At the snap, the inner wide receiver to the left of the line ran an out route and his man followed, the two of them effectively picking Lito Sheppard, who was opposite Malcom Floyd. Floyd ducked inside and then straight towards the end zone with Sheppard in pursuit. Rivers threw a ball up for Floyd to make an easy 19 yard grab. It wasn’t even a very good throw as Floyd didn’t catch it in stride, instead turning his body around to catch it and then having to turn back and run forward while being tackled. It was effective enough, however, and Raider fans were left to wonder what might have happened if the Raiders’ defense had held.
Carson Palmer wasn’t too happy with the play, either. After the game, when asked about this play, he said, “That was the momentum changer. It’s too bad he got out of there obviously because then they punt to us and we got a short field, we get the two points and the game is reachable. We might have been able to tie it up if we score or make it a game there. The guy made a play, did a good job of getting out of the end zone.”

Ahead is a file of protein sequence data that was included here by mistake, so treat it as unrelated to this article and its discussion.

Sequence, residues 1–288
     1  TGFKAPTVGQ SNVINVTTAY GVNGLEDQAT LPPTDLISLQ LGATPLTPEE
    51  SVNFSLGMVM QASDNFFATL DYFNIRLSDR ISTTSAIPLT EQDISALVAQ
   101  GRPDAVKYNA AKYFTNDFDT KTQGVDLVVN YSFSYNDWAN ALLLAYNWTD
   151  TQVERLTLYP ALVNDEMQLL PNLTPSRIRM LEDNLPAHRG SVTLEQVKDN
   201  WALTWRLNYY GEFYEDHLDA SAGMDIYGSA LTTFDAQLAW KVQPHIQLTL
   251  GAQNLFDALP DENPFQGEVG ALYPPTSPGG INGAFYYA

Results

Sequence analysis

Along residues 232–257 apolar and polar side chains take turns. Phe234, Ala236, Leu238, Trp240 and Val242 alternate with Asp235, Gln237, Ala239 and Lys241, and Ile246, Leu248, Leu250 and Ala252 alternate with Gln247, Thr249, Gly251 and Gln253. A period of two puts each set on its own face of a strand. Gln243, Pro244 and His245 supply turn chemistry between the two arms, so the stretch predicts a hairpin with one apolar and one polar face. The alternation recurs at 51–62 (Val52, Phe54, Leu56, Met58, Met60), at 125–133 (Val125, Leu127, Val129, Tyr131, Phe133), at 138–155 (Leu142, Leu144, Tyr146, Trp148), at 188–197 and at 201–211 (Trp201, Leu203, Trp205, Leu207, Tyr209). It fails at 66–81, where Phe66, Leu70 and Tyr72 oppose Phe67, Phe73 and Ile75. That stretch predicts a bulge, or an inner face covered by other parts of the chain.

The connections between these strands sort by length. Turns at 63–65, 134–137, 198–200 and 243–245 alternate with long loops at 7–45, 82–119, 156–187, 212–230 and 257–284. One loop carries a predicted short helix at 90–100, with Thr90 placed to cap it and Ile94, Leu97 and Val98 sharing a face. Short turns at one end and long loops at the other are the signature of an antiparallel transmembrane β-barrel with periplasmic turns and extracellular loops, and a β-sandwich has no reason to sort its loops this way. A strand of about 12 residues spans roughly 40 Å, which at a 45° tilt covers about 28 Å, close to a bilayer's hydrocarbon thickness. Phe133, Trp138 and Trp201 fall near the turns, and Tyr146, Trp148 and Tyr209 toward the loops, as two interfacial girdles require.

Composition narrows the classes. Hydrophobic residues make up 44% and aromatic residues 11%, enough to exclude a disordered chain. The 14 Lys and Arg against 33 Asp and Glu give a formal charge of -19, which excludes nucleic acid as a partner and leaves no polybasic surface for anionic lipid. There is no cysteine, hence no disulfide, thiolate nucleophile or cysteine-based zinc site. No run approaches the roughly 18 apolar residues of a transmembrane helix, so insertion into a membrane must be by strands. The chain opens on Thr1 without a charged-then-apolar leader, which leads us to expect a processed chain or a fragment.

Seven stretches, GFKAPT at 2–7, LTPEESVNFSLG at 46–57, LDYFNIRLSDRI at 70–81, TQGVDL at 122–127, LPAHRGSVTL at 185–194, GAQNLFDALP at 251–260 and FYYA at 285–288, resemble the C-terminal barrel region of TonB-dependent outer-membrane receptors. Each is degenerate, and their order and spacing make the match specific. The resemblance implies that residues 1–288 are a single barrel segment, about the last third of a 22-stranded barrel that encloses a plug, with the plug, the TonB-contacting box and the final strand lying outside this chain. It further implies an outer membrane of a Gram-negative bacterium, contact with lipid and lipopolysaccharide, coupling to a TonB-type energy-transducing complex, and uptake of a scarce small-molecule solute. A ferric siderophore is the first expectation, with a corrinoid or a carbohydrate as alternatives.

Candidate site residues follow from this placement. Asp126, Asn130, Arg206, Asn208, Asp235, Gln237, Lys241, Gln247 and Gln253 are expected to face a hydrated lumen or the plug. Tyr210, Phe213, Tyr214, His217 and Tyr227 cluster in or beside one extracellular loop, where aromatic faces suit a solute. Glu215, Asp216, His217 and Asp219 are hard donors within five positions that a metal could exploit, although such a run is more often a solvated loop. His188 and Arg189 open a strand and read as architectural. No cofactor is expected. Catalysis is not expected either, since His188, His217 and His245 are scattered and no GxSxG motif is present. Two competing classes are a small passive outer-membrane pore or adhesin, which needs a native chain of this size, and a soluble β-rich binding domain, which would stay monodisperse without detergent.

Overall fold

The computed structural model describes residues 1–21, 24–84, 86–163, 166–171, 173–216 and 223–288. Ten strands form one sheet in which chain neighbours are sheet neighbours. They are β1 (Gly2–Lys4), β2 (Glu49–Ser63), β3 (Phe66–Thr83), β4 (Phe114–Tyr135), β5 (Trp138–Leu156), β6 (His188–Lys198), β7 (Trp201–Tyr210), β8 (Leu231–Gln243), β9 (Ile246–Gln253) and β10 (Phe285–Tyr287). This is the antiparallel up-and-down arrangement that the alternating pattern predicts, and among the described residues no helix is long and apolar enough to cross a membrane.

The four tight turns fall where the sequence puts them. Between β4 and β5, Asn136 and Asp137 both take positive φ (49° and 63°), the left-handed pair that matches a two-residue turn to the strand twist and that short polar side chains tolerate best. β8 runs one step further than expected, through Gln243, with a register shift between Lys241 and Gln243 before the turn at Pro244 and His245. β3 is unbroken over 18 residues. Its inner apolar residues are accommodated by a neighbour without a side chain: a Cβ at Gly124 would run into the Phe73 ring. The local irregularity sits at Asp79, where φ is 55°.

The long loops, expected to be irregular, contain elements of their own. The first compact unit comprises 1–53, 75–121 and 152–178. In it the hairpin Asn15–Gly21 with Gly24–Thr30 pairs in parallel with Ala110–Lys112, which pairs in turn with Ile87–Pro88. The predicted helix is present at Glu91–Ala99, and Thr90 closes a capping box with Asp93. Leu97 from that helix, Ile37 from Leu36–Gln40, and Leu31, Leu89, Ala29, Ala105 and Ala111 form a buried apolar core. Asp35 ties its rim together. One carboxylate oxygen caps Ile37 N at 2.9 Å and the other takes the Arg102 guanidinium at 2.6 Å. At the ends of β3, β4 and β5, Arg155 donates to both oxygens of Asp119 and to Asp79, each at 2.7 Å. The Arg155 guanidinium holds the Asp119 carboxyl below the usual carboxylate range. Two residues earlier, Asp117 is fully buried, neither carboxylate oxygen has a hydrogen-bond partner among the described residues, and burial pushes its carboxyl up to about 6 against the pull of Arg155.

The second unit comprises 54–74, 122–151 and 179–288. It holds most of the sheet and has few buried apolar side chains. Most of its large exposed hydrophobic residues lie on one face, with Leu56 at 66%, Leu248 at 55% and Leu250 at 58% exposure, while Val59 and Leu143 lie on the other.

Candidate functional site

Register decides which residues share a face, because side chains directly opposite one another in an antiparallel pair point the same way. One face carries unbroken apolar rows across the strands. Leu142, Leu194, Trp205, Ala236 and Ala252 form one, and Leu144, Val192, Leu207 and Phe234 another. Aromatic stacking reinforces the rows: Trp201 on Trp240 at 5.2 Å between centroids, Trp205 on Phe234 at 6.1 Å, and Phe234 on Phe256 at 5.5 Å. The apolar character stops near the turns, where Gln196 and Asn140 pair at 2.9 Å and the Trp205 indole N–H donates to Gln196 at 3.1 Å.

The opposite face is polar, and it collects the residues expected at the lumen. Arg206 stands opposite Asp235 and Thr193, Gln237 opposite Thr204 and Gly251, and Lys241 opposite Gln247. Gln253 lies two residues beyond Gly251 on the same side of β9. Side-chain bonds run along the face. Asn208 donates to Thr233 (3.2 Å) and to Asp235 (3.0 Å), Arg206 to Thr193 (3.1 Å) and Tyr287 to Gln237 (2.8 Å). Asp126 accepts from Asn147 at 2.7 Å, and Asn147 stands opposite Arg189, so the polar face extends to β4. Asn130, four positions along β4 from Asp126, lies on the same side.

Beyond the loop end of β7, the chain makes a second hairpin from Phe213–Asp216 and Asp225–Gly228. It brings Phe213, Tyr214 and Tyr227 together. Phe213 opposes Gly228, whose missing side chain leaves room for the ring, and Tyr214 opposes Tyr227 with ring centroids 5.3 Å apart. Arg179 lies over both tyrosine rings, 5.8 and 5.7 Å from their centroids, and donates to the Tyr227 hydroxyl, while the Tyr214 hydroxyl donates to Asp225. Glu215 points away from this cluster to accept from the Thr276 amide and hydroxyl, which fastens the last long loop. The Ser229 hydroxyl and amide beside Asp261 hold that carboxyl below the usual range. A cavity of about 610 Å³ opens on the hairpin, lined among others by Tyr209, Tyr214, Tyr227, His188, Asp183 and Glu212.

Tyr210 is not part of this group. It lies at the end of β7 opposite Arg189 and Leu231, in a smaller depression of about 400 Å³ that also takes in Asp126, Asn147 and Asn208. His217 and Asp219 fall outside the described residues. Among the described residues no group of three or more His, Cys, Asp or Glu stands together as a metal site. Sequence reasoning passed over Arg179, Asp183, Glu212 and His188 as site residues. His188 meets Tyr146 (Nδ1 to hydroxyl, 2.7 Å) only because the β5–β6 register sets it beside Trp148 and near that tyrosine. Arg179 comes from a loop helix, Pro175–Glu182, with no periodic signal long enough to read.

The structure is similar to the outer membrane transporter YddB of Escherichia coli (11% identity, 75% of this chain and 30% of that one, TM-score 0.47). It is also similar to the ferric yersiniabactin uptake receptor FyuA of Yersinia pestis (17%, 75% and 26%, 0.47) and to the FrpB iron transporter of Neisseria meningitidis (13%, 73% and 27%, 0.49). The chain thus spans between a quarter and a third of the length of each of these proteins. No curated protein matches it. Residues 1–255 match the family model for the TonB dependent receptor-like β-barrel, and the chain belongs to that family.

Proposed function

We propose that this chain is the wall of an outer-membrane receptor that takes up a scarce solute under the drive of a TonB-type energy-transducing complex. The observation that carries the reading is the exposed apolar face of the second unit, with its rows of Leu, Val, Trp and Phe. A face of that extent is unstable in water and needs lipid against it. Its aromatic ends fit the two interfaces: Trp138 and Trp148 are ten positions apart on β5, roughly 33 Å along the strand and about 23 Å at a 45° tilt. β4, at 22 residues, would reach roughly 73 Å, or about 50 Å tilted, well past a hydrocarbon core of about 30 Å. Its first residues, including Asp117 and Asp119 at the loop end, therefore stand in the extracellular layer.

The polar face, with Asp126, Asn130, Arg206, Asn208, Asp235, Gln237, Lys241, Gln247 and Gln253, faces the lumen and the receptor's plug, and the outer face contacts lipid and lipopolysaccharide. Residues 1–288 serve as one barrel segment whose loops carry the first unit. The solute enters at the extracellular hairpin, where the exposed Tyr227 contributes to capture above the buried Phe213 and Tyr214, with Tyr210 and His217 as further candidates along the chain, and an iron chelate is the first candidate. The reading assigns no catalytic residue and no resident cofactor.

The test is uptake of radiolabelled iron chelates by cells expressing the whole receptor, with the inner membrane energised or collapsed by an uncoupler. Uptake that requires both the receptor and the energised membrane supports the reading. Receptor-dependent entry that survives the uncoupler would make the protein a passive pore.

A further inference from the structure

This was still a good situation for the Raider defense, however. Because the Chargers had been so close to their own end zone, even with this completion, they were on their own 20 yard line. The next play drew a holding penalty on Chargers left tackle Jared Gaither and they moved to their own 10 yard line.
For the next play, the Chargers came out in shotgun formation with running back Mike Tolbert to Rivers’ right. Chargers’ backup tight end Randy McMichael was initially split out left but then came in motion to Rivers’ left side.
At the snap, Gaither took the defensive end on his side, Kamerion Wimbley, and the left guard and center doubled Raiders right defensive tackle, Desmond Bryant. McMichael acted like the fullback and moved into the gap and blocked Raiders’ weakside linebacker Aaron Curry. Raiders’ much-maligned middle linebacker Rolando McClain made a terrible read and ignored the signs that the play was going through the LT/LG gap and instead moved into the C/RG gap, effectively taking himself out of making a play near the line of scrimmage.
Tolbert is not a small, quick back but he wasn’t really touched until he was 15 yards downfield. The first player to try, CB Lito Sheppard, didn’t wrap up well. Tolbert is in the Michael Bush mold — a big, strong runner — and he went right through Shepherd until he was brought down around the 50 yard line by safety Tyvon Branch, a run of 40 yards.